Leaving The Kitchen Table

With the advent of more and more people getting vaccinated, a return to “normal” is in sight.  Of course, it will likely be a very different normal than what we had previously as we have all learned a lot this year about how to keep ourselves and our community healthy and safe. For instance, I, a die-hard believer in hand-washing as a way to prevent illness from way back, am gratified to see more people taking this very easy action seriously. And wearing masks? As a longtime allergy sufferer, wearing a mask on those windy, spring days when pollen and particulate matter is floating everywhere has significantly cut down on my suffering. I will be keeping all my reusable, color-coordinated masks and obtaining more!

But it isn’t just the hygiene or mask-wearing or social distancing that will resonate with us long-term. The way “knowledge workers” physically do their jobs is up for a serious upheaval.  Before the pandemic, roughly 30 percent of such workers worked remotely. Now, it is possible 48 percent, or nearly half will do some sort of remote work. 

THE CASE FOR REMOTE WORK

The benefits of more employees having the option to work remotely are chiefly the lack of commute and better work/life balance. Air quality levels improved dramatically in the San Francisco Bay Area where I live, as cars suddenly disappeared off the roadways along with their significant pollution. Not to mention, workers were not having to spend up to 1 1/2 or more hours per day fighting traffic during rush hours. Many workers cite this lack of commute hassle as a serious quality of life enhancement.

Being either at home or close to home also vastly improved the elusive work/life balance we all desire. Parents of young children benefit greatly from being close to home, making all those doctor visits, school and daycare calls, and chance to be there for whatever their children need. And, you don’t have to have children to appreciate the closeness to home for dealing with all the myriad errands and tasks that need to be done.

HYBRID WORK MODEL

Companies are responding to this end of the pandemic by trying to find some sort of hybrid work model, where employees split time between a main office and home. A recent poll found that employees think a split of 3 days at home and 2 days in office was the ideal while their bosses are leaning toward the flip side—2 at home, 3 days at office. Everything is in flux at this point, so I encourage all of you to weigh in with what your best-case scenario looks like! 

Over a year ago, in March 2020, I fielded calls and made proposals to many employers who were thinking ahead to the end of the shelter-in-place order.  Most of them were planning allow their employees to work near home at a professional flexspace center like mine, for at least part of the workweekMost of them, and I, believed this would be happening by May 2020 or June 2020 at the latest. 

Of course, as the pandemic worsened and surges of COVID kept happening and safety required us to stay sheltered, those companies I was working with pivoted to making their employees’ home office better by paying for ergonomic furniture and upgrades to their home WIFI, among other things.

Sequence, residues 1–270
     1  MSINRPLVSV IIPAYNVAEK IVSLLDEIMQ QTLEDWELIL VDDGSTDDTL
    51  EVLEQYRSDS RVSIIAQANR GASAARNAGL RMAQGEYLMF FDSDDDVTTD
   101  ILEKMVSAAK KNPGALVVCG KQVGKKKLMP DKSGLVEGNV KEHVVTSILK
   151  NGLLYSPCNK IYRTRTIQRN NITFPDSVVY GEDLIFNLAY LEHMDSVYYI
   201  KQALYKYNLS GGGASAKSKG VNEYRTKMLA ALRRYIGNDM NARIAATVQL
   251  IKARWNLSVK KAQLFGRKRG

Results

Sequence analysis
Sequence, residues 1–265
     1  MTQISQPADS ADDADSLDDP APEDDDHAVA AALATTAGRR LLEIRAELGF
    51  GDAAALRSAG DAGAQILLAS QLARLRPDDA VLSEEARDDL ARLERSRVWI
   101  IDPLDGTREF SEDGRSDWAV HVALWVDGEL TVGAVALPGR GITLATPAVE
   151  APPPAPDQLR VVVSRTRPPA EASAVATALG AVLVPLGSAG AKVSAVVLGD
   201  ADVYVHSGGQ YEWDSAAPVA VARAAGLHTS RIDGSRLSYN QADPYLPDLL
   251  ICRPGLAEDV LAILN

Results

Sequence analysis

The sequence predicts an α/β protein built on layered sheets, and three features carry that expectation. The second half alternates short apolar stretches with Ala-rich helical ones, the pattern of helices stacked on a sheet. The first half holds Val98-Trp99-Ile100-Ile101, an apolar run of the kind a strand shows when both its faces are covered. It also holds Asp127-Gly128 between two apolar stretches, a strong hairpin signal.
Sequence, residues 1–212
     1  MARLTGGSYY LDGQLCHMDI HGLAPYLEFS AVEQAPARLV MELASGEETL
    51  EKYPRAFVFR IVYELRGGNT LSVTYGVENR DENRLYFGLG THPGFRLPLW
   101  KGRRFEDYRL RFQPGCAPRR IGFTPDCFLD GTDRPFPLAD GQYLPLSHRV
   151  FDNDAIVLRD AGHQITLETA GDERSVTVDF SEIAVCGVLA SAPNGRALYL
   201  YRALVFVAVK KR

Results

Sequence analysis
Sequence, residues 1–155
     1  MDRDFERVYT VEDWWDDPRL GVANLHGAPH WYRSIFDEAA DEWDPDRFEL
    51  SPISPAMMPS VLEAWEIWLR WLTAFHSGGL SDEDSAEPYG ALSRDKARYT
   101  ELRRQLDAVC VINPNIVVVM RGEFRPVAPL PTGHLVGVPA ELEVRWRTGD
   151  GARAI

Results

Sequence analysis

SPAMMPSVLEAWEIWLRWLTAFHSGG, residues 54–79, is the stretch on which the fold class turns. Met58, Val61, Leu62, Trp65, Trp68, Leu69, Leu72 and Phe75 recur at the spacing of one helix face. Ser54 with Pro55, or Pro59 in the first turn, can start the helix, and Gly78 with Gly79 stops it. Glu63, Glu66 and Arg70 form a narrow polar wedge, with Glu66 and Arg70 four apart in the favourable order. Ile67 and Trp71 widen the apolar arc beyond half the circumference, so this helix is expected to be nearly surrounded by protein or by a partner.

As requested, I have been checking in on a regular basis with these companies to keep them aware of my ability to provide the workspace they want for when their employees can safely leave their homes. In the name of full transparency, I let all the companies know I had other offers for the same space they were considering and it would be a case of first-come, first-served. It has been over a year and finally, I have one of my companies now planning to implement a hybrid model beginning in July 2021. I think this is the beginning of some solid plans and expect to see some more companies making the decision to commit to a hybrid plan, or a hub-and-spoke model, for their employees.

Since I would be oversold if everyone currently in my pipeline signed on the dotted line, I am encouraging all my leads to make a decision as soon as they can!

My industry, the flexible workspace industry, is uniquely poised to be a key part of the economic recovery as we can offer highly-individualized plans at flexible terms. None of us can really know what lies ahead and I firmly believe that flexibility along with our great customer service and commitment to our members’ success, is key to a successful return to the workplace.

 

About Office Evolution Walnut Creek

At Office Evolution Walnut Creek, we provide virtual office, coworking, and private office solutions at our shared office center. We offer meeting rooms, offices for rent, hot desking in a shared workspace coworking lounge, a shared reception, a business address, and virtual receptionist services. We have many options and price points, and all terms are flexible. Plus, you become part of a community of like-minded professionals.

Whether you live in Walnut Creek, Alamo, Danville, Lafayette, Orinda, Moraga, Pleasant Hill, Concord, and other communities nearby in Contra Costa County, choosing Office Evolution Walnut Creek will help you be more professional, productive, and profitable.

Written by: Dawn Lopshire

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Office Evolution has more than 70 locations open, 140 units sold in markets across the country and is poised for further growth as the demand for affordable and safe, workspace close-to-home continues to rise.

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